Despite having one of the largest third-party debts of any freshman Republican in the House, Idaho’s conservative Rep. Helen Chenoweth is trailing her colleagues in fund raising this year.
A new analysis of campaign finance reports for the first half of 1995 shows that the average amount of campaign cash raised from January through June by the 50 House GOP freshmen was $142,000 - $20,000 more than Chenoweth managed to generate.
The largess showered on freshmen who catapulted the GOP into the majority for the first time in 40 years was largely a result of special interest political action committees trying to compensate for having invested huge sums in Democrats over the past four decades.
“Now they are playing catch-up, unashamedly,” said Steven Stockmeyer, a Republican who runs an association of business PACs. “That’s one reason you’re seeing the big numbers.”
The $122,000 Chenoweth did raise was substantially greater than the amounts raised by Republican Rep. Michael Crapo, Idaho’s other congressman, and by the man she defeated, two-term Democrat Larry LaRocco, during his first six months in office.
But much of that cash was plowed into fund raising, and little progress was made on retiring Chenoweth’s substantial debt to creditors other than herself.
That debt rose dramatically earlier this month when her campaign treasurer, Wayne Crow, acknowledged that $40,000 misrepresented on federal reports for eight months as a personal loan from Chenoweth actually was a loan from West One Bank.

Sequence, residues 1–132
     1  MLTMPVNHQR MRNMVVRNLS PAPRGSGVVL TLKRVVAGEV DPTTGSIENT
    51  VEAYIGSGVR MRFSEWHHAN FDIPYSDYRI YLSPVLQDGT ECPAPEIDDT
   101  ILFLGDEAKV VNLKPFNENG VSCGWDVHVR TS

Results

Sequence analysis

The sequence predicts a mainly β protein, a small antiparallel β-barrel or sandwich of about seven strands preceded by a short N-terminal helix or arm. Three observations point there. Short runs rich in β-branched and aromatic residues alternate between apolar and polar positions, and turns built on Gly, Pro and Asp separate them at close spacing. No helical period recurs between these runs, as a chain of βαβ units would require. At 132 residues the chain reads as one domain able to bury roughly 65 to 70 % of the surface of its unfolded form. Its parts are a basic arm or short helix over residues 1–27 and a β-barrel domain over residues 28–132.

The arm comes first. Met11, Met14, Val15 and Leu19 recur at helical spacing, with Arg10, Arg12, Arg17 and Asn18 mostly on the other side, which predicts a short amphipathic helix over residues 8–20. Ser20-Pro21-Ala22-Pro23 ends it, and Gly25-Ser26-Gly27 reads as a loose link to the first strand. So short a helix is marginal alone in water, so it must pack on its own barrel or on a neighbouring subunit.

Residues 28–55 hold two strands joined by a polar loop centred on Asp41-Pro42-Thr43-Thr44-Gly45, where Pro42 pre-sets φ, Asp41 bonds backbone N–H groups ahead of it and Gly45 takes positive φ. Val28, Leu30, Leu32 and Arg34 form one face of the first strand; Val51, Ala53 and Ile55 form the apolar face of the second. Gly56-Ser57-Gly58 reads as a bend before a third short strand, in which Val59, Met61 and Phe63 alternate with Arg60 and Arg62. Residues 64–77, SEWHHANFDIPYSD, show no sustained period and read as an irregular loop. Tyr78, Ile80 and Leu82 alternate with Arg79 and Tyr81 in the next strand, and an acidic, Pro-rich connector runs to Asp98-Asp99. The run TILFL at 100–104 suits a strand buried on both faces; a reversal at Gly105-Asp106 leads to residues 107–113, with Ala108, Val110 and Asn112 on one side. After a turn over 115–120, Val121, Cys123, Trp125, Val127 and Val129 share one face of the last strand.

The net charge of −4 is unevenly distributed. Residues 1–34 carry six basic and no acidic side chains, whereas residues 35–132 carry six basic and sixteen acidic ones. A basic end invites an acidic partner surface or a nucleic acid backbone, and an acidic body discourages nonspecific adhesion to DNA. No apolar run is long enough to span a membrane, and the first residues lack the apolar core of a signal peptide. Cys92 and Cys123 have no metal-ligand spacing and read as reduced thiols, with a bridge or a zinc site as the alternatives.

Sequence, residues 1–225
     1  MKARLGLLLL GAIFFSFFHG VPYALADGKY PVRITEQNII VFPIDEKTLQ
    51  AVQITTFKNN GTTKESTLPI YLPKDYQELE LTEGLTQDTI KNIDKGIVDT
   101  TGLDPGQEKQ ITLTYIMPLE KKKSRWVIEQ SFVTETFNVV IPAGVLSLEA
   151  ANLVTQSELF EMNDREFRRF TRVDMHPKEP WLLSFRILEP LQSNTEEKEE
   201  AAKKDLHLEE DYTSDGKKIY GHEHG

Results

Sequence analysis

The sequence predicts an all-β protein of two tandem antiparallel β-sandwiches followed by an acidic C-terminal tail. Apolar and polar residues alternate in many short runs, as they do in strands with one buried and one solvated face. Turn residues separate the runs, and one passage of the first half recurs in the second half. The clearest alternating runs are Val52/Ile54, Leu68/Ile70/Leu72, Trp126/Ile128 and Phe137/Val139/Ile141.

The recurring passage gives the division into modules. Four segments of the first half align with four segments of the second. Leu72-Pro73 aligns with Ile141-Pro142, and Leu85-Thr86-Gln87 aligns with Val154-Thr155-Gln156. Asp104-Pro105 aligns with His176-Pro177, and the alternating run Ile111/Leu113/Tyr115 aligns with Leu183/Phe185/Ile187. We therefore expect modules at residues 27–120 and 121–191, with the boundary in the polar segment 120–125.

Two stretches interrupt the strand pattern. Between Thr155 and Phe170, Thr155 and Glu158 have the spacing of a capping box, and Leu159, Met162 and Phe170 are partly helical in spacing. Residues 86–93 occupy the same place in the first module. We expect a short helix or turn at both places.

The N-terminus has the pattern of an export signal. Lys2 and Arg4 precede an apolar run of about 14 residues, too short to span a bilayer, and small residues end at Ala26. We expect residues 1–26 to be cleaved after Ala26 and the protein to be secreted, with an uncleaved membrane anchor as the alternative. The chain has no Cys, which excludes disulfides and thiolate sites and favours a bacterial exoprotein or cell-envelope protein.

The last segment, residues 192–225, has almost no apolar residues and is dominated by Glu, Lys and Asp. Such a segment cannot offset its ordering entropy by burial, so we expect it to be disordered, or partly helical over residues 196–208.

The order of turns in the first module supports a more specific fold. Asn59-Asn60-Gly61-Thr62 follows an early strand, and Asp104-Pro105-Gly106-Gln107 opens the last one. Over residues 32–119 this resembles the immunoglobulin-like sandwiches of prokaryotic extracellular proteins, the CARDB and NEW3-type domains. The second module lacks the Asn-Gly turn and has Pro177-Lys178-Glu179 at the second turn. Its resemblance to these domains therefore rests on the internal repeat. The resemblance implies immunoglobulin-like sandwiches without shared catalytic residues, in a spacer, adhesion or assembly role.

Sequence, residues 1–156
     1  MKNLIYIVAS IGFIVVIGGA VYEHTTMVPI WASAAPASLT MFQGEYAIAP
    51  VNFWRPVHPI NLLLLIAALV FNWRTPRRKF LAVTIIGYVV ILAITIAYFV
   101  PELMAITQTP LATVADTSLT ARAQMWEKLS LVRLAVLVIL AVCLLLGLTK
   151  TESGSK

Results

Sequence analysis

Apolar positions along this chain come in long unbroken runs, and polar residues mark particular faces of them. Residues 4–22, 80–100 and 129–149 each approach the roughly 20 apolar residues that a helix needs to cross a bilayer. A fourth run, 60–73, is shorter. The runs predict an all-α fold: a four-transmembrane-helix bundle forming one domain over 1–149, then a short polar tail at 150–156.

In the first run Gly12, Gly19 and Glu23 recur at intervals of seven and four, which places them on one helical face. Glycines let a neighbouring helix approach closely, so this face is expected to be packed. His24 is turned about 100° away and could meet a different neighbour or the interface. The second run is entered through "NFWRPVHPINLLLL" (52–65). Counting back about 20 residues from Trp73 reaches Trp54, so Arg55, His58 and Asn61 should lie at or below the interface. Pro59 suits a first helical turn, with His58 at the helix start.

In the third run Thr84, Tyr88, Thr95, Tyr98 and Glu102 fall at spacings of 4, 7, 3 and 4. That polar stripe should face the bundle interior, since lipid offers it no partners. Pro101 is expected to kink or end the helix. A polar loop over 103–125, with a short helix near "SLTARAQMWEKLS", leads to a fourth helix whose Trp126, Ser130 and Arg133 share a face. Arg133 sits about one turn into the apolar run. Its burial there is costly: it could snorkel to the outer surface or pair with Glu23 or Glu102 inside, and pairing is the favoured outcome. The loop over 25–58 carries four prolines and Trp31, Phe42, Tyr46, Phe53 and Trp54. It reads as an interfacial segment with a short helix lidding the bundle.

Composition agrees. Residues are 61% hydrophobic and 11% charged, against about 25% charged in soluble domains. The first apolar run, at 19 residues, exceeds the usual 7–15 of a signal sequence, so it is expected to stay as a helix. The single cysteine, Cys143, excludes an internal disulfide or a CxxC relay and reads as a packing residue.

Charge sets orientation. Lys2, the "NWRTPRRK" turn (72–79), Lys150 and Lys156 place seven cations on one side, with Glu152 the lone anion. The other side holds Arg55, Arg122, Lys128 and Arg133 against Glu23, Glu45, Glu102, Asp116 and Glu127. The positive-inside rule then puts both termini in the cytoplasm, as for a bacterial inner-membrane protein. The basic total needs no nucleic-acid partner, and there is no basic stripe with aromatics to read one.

The last reports on which the loan was misrepresented also indicated that it was neither secured by collateral nor guaranteed by any individuals - a requirement under federal law for campaign loans made by banks. Without one or the other, the loan could be viewed as an illegal corporate contribution.
With that additional $40,000, Chenoweth still owes third-party creditors nearly $100,000 from her 1994 campaign. She also owes herself $55,500.
Only five other freshman Republicans have larger campaign debts than Chenoweth, but hers is the exception to the general rule that those debts primarily are owned to the congressmen themselves or were carried over from previous - and unsuccessful - political races.
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